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What/are Sequence for a Creative Writing 4 Second Year?

This is a question that you need to ask yourself before you begin writing your creative non-fiction piece for the English Literature and Creative Writing 4 class this year. What are the specific ‘what’ and ‘where’ that you need to have in place before you start writing? This is referred to as a ‘sequence’ and it forms the basis of your piece. You will need to develop a clear idea of what you are going for and then work backwards to establish the steps necessary to get there. Be sure to consider the other three elements of the Creative Writing lesson – theme, character, and setting – when developing your sequence.

The ‘What’

The ‘what’ is the first element of your sequence and it refers to the question you are trying to answer in your piece. For example, if you are writing a story about your mother, the ‘what’ would be “what is Mother doing right now?” The ‘what’ should be a simple, concrete statement that can be answered by external events or observations. If you have a more complex ‘what’, you should break it down into several smaller parts to make it more manageable.

The ‘Where’

The ‘where’ is where you will be putting your piece. When establishing your sequence, you need to consider the places you have available to you. You are trying to create a world in your head that is rich enough to provide all the elements necessary for your story. There are simply places where you can put your story – be it a real location or an imaginary one. Once you have your ‘where’, break it down into smaller chunks so you can begin to see it more clearly. For example, you could write “I grew up in the suburbs” as your ‘where’ along with a description of the house and garden you were surrounded by. Another example might be “I went to a private school” with a description of what the school was like and who attended it.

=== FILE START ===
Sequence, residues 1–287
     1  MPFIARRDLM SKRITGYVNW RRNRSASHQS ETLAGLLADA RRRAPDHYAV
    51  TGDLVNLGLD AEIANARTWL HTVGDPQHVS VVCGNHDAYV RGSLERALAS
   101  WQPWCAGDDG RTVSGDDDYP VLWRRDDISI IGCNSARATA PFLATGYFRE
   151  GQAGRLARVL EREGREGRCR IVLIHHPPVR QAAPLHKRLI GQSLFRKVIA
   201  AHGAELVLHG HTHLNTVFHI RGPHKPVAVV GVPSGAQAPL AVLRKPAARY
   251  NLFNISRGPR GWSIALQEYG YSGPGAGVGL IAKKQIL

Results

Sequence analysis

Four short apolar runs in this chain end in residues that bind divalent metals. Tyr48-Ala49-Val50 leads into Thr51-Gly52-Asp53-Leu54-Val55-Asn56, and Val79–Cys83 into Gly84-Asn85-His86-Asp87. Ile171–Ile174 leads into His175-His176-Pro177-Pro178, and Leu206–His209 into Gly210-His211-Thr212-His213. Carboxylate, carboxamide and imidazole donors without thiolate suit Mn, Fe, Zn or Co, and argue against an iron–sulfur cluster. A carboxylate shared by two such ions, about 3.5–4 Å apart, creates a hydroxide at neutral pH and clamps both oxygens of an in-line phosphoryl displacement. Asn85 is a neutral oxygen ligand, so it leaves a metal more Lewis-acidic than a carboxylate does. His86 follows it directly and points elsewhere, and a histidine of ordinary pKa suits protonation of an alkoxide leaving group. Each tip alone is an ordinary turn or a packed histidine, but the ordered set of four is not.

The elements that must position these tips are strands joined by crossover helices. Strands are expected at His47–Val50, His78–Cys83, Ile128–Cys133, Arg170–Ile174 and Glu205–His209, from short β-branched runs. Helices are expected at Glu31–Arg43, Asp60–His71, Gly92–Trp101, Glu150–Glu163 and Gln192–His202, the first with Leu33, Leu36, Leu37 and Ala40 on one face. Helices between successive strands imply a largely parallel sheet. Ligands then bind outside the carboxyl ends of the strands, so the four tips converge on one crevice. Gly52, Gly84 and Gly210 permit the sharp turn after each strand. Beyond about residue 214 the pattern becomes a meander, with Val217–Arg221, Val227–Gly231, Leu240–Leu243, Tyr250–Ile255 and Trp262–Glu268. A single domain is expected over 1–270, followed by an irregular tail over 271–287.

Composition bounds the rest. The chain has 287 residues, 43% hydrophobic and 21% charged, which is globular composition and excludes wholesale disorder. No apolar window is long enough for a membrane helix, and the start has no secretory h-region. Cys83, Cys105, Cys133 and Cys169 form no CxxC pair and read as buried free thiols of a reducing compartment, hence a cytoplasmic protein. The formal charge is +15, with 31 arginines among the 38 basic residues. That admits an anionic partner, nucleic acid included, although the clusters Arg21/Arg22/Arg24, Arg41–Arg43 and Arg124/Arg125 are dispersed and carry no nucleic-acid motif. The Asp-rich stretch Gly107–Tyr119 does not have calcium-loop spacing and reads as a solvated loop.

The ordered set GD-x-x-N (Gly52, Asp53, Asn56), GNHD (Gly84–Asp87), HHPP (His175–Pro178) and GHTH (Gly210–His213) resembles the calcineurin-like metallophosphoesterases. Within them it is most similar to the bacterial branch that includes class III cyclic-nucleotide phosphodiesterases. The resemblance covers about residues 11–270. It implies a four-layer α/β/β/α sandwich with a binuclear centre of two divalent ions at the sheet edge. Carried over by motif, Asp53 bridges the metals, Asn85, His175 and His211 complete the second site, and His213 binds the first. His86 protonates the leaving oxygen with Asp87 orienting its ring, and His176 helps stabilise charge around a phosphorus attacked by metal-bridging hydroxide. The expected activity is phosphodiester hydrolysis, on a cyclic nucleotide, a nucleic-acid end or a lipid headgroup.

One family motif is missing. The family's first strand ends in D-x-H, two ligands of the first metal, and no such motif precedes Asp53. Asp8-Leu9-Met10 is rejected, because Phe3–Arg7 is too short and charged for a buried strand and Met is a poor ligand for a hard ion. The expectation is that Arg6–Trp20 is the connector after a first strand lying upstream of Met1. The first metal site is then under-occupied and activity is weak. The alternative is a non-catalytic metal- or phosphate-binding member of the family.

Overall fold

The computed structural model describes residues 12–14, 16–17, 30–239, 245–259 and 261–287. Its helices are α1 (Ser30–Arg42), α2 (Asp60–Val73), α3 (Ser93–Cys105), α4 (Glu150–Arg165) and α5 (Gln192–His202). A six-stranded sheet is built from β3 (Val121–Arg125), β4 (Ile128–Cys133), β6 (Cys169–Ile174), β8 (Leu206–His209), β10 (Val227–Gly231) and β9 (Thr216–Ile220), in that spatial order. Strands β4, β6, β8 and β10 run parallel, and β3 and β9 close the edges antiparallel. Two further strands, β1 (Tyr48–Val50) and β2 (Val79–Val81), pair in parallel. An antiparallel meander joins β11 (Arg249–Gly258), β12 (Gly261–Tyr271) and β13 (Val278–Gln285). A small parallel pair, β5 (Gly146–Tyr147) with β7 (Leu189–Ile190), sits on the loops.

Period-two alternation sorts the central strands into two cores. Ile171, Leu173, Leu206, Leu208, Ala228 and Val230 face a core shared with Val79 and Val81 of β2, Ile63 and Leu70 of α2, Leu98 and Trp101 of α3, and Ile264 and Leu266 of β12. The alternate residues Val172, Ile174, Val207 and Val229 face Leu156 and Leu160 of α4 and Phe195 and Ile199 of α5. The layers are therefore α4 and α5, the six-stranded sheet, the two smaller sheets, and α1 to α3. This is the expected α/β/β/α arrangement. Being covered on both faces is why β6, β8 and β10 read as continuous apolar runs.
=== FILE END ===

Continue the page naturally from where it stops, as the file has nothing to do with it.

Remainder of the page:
The ‘When’

‘When’ is a simple element used to establish the sequence of your story. You need to determine when the important events of your story are going to take place. You can write “After college” or “In the summer after my freshman year of college” as your ‘when’. Sometimes it can be difficult to know exactly when a significant event in your life is going to take place. For example, is it the day you start working at a clothing store, or the day you meet your future husband? Once you have your ‘when’, you can begin to plot out where you will be placing these events in relation to one another. Be sure to write a short ‘intro’ at the beginning of your piece which describes the overall theme and sequence of your story. This ‘intro’ should not be longer than a few paragraphs.

The ‘Why’

‘Why’ is used to provide further explanation for the events or actions in your story. This is particularly important for stories that explore controversial topics or explore issues that are not immediately clear to the reader. When writing about issues that are sensitive, you should do your best to provide detailed explanations for your characters’ actions. The more you know about why your characters acted as they did, the more you can write with authority. If you have two different viewpoints within your circle of characters, the ‘why’ can help determine which one you need to use at any given time.


The ‘how’ is used to provide additional information about the characters or events in your story. It can be useful to the reader when applied to the right situation. For example, if you are writing about a specific election, you might use the ‘how’ to explain the various platforms the candidates used to capture the attention of the voters. Another example might be “I went to the doctor for a checkup and was given a schedule of possible treatments” followed by the ‘how’ explaining what the treatments were for.

Creating a sequence is a challenging process. You will want to follow a specific format so you do not end up with a chaotic jumble of ideas. Consider working with a professional writer to get the results you are looking for. Having a complete sequence in place will help you to see your story from the beginning to the end and ensure you do not have any major changes to your piece once it is finished.